Finding Our Way to the Interfaith Table

I recently ran into a friend at the temple who teaches religious education classes to Hindu youth, and asked her if she would be able to participate in a women's interfaith symposium, organized by friends from the local Ahmaddiya mosque. The women invited several of us from the Troy-area Interfaith Group to discuss the moral and spiritual empowerment of women; so what could be better than a religious educator of youth to talk about the Hindu concept of dharma that inspires so many of us to seek social justice and spiritual fulfillment? 

For the last decade, I have taken a seat at the table of inter-ethnic and inter-religious dialogue, and am constantly seeking the support of others from the Hindu community. But I find an inherent reluctance. It shouldn't be so hard, since we are basically an inclusive, pluralistic lot, with the belief that there are many paths to the Truth. But the exchange I had with this friend may explain why Hindus may find it hard to participate—and also why I believe there is an imperative to stay the course. 

She asked, "Do you really think there is any point in this interfaith, since everyone believes their religion is the best?" I explained that we need to be present to have the opportunity to explain and change what is misunderstood and often deliberately misrepresented about our beliefs. She left, agreeing to look at her calendar and consider participating in the symposium. 

While I encourage her and many others to attend interfaith activities and eventually take an active role, I often find myself faced with the question: What is the purpose of interfaith dialogue, when one or more of the parties involved has as a pillar of their faith that they must claim or proclaim their Truth as being the One and Only Truth? I agree with Aseem Shukla of the Board of Directors of the Hindu American Foundation, who recently commented on the posthumous baptism of Mahatma Gandhi: "I have no imperative to convince others to follow my path." I agree with Ramdas Lamb, professor at the University of Hawaii, who spoke on the good and bad of religion: "Religions contain value systems and a variety of tools that can help guide people on a path to righteous living, provided the tools are used properly and the values are put to practice in one's life in a positive way." I also agree with Diana Eck, Harvard University professor, who defines pluralism and provides talking points: "Pluralism is based on dialogue. The language of pluralism is that of dialogue and encounter, give and take, criticism and self-criticism. Dialogue means both speaking and listening, and that process reveals both common understandings and real differences. Dialogue does not mean everyone at the 'table' will agree with one another. Pluralism involves the commitment to being at the table—with one's commitments."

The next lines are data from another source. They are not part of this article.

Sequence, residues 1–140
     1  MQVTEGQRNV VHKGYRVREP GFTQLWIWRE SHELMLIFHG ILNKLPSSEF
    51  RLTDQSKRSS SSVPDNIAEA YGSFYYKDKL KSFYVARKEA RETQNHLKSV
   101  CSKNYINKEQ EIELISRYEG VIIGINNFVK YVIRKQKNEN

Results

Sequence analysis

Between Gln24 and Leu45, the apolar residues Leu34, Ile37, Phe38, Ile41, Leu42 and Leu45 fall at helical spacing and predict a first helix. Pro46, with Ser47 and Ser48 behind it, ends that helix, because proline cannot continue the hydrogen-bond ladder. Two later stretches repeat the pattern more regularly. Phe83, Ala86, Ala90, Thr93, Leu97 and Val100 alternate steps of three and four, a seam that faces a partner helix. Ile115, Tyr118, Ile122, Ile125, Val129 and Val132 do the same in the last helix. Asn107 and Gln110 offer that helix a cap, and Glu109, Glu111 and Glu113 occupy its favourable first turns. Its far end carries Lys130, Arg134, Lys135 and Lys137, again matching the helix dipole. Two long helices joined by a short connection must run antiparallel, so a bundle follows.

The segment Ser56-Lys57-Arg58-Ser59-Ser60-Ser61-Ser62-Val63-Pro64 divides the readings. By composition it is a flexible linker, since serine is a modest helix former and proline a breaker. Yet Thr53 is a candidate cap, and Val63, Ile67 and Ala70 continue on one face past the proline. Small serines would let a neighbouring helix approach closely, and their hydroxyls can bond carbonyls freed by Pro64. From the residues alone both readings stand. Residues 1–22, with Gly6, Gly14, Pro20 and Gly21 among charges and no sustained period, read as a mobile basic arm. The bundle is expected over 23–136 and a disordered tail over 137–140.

Sanatana Dharma, or as it is more commonly known, Hinduism, has a foundational belief in pluralism. The "Ekam Sat" statement in the Rig Veda in Hindu scriptures will enable the dialogue to transcend the exclusivity message that some belief systems proclaim. I was invited to attend a recent Faith-based Summit on Foster Care in Lansing, and I went, even though I knew I would be the only Hindu among many Christians. The goal of the summit was to raise awareness within the faith-based communities on the need for foster and adoptive parents in Michigan and to assist congregations in the development of foster care coalitions. The State, aka the Department of Human Services (DHS), can't provide a child much-needed mentoring, a place to call home, a forever family or "irrational love," as DHS Director Maura Corrigan, Faith Communities Coalition on Foster Care leader Rev. Kate Thoresen, and other inspiring speakers pointed out. What makes more sense than asking people of faith to care for the thousands of young people who are wards of the state? 

For me, the daylong event was a way to reconnect with interfaith contacts, meet virtual acquaintances in person, and make new friends. I sat with three women from the foster/adoptive care ministry at Kensington Community Church—Giving Orphans HOPE (GO Hope). We discussed the various challenges of ethnic profiling, the importance of inclusion at a government-sponsored National Day of Prayer event, the distaste we feel about the "Abortion Debate" and of course, how our faith empowers us to do what is right.

3/21/2012 4:00:00 AM
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  • Padma Kuppa
    About Padma Kuppa
    Padma Kuppa is a writer, IT professional, community activist, wife, and mother working to build a more pluralistic society within a Hindu and interfaith framework. You can also read her blog A Balancing Act, at The views represented in this column are not a reflection of the views of any organization of which she is a part.